The nature of the cathode is not critical to the invention. Manganese dioxide and silver oxide cathodes are possible, but air cathodes, are preferred. A feature of air cathodes is that they are not wholly impervious to the passage of water as liquid or vapour. For cells designed to have a long active service life, loss of water through the air cathode may be a problem. Indeed in some circumstances it may be loss of water, rather than complete dissolution of the anode or passivation of the anode by aluminium hydroxide precipitate, that causes ultimate cell failure. To minimise this problem, it is preferred to apply a hydrophobic barrier layer to the outer surface of the air cathode. This barrier layer, which may be of microporous PTFE or of a polyolefine, is designed to permit passage of oxygen but not of water.
The cathode faces the aluminium anode and defines a vertically extending electrolysis region. This region is initially narrow, e.g. 1 to 2 mm, but gets wider as the aluminium anode dissolves during operation of the cell (unless arrangements are made to keep the anode-cathode spacing constant). In one preferred embodiment, a cathode is mounted on or in each major vertical wall of the housing with an anode interposed between the two cathodes. To assist circulation of electrolyte from the upper region of the sump to the top reservoir, vertical grooves may be provided in the anode, although these have not been found to be necessary. Preferably, the top reservoir and the sump are contained in the same cell housing respectively just above and just below the electrolysis region.
The top reservoir should be large enough to permit circulation of electrolyte by convection. Beyond that, the top reservoir may need to be large enough to hold surplus electrolyte to allow for water losses (e.g. through an air cathode) during operation of the battery. The housing around the top reservoir may be provided with cooling fins, for control of the temperature of the circulating electrolyte.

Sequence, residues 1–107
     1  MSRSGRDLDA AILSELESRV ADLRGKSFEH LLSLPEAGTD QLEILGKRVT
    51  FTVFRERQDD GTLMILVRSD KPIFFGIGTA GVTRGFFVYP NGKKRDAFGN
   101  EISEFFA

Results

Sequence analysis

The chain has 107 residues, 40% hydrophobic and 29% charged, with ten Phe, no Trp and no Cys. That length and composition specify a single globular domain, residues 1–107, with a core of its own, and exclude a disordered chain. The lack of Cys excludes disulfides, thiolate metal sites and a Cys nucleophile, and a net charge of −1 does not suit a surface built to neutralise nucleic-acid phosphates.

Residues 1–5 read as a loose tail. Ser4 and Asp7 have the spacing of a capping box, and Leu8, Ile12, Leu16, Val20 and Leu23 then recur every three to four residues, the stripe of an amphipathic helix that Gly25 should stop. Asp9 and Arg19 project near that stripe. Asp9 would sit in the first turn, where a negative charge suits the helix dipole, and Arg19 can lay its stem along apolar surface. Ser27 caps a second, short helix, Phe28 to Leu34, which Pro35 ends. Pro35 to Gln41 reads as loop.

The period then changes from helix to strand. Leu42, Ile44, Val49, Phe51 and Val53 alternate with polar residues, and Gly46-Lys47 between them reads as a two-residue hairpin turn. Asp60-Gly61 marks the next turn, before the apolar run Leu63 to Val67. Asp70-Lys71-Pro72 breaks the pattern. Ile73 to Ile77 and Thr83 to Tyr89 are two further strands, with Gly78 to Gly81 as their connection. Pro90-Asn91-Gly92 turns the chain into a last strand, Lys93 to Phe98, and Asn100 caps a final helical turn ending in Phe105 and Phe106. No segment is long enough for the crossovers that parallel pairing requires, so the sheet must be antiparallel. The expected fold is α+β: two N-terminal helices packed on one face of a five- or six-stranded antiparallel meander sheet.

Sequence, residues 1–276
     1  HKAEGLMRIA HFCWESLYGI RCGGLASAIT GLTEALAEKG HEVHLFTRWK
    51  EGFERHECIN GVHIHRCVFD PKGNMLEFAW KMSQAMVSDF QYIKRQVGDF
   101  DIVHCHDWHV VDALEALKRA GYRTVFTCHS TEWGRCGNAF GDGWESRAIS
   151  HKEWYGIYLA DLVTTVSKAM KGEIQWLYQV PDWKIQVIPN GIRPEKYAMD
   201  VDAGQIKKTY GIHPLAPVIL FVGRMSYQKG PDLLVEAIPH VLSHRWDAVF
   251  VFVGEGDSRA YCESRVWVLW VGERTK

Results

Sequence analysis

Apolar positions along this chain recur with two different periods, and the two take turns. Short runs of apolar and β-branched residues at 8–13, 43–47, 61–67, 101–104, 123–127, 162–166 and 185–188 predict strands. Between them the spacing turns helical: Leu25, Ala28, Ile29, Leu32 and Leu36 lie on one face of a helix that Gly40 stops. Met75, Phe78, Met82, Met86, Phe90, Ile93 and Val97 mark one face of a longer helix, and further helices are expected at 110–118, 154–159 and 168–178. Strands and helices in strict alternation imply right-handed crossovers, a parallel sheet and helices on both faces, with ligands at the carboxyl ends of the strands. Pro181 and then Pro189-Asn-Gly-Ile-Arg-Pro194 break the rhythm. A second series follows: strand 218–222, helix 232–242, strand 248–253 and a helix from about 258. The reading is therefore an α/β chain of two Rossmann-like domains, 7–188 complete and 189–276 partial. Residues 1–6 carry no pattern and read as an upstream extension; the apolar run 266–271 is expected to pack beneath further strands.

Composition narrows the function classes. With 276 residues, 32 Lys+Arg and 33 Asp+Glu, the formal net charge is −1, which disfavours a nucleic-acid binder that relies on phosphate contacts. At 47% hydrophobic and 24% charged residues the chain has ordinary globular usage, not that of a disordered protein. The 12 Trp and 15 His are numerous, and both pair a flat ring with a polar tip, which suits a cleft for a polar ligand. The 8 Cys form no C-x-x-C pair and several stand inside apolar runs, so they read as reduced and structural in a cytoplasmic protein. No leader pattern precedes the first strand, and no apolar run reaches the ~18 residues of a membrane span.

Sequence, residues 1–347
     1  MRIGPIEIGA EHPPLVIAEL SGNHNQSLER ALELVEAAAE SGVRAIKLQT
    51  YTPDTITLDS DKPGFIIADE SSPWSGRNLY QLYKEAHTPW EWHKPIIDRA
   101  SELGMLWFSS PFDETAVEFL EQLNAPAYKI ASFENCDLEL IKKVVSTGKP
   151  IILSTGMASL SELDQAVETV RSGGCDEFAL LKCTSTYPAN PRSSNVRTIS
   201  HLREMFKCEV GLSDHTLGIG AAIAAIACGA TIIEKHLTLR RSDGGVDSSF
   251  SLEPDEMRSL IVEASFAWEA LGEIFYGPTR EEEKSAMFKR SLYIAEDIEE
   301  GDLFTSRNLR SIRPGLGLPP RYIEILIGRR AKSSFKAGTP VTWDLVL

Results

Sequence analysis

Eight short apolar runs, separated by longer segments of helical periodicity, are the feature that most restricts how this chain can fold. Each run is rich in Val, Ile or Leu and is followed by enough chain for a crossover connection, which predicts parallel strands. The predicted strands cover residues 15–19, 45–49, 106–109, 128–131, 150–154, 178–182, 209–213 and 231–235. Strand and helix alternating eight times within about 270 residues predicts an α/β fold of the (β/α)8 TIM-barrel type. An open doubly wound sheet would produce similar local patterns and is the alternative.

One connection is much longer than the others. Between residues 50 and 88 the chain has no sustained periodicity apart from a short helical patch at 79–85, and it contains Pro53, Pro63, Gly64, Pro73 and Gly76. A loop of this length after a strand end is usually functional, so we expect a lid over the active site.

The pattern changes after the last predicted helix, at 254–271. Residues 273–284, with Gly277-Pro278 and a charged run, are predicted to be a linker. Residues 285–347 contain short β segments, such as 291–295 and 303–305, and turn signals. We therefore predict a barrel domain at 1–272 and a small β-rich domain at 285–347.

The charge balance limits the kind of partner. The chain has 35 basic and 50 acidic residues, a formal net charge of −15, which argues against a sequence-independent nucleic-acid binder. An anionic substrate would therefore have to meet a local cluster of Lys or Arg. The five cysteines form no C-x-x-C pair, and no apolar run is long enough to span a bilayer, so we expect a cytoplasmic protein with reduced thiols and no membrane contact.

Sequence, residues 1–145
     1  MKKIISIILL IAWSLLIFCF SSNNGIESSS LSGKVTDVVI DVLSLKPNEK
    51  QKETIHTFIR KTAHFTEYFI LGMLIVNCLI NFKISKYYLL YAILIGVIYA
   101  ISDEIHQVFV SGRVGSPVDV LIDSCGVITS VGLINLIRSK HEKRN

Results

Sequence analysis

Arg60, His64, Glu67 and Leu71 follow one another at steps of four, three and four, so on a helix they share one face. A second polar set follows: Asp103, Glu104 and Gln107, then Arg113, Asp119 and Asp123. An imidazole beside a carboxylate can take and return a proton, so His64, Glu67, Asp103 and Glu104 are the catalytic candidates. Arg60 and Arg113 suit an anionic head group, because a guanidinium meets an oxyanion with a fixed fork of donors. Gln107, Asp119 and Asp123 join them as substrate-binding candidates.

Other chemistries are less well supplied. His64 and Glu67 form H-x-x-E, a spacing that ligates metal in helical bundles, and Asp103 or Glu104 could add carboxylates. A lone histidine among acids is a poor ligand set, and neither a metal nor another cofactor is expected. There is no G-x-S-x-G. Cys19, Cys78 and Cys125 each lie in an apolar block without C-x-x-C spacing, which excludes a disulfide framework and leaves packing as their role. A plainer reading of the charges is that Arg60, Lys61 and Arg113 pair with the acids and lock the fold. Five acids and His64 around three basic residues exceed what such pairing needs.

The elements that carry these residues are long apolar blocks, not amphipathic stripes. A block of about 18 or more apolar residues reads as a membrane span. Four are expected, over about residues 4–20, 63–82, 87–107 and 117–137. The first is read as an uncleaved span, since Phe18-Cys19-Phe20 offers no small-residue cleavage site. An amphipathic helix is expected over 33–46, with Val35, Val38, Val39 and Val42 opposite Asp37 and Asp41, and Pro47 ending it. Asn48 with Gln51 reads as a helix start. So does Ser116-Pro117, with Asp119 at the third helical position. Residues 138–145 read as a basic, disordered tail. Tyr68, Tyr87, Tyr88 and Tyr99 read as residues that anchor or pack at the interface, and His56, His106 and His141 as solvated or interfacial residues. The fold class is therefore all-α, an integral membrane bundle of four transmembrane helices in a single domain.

Although not preferred, the cell can be operated without a top reservoir, with electrolyte circulating directly between the electrolysis region and the upper region of the sump. A similar effect may arise late in the cell's life if the electrolyte level falls below the bottom of the top reservoir.
At least one channel is provided for convective passage of electrolyte between the top reservoir and/or the electrolysis region and the upper region of the sump. Provision may be made to cool the electrolyte circulating in this channel.
Various factors control the rate at which power can be drawn from the cell. If the current density is too high, then failure may occur from one of several causes:
The electrolyte may overheat or boil. To some extent, this can be compensated by providing a large well cooled top reservoir. Or the anode may extend to the outside of the cell for heat management.
The inter-electrode spacing rises rapidly, due to dissolution of aluminium from the anode, so raising the internal resistance and generating more heat.
Aluminium hydroxide precipitate may be produced so rapidly that it cannot collect in the sump and may passivate the anode. It is possible to mitigate this passivation problem by seeding the electrolyte in known manner (e.g. as described in EPA 354752 and EPA 358335). But seeding the electrolyte is a complication which is preferably avoided. Preferred cells according to the invention do not use seed. Acceptable voltage recovery occurs, without any seed addition, provided that the rate of electrolyte supersaturation with Al(OH)4 - is below a certain level. This level has not been precisely determined, but has been shown to be greater than 9 Amps (of aluminium) per liter of electrolyte, probably greater than 11 and perhaps about 14 A/1.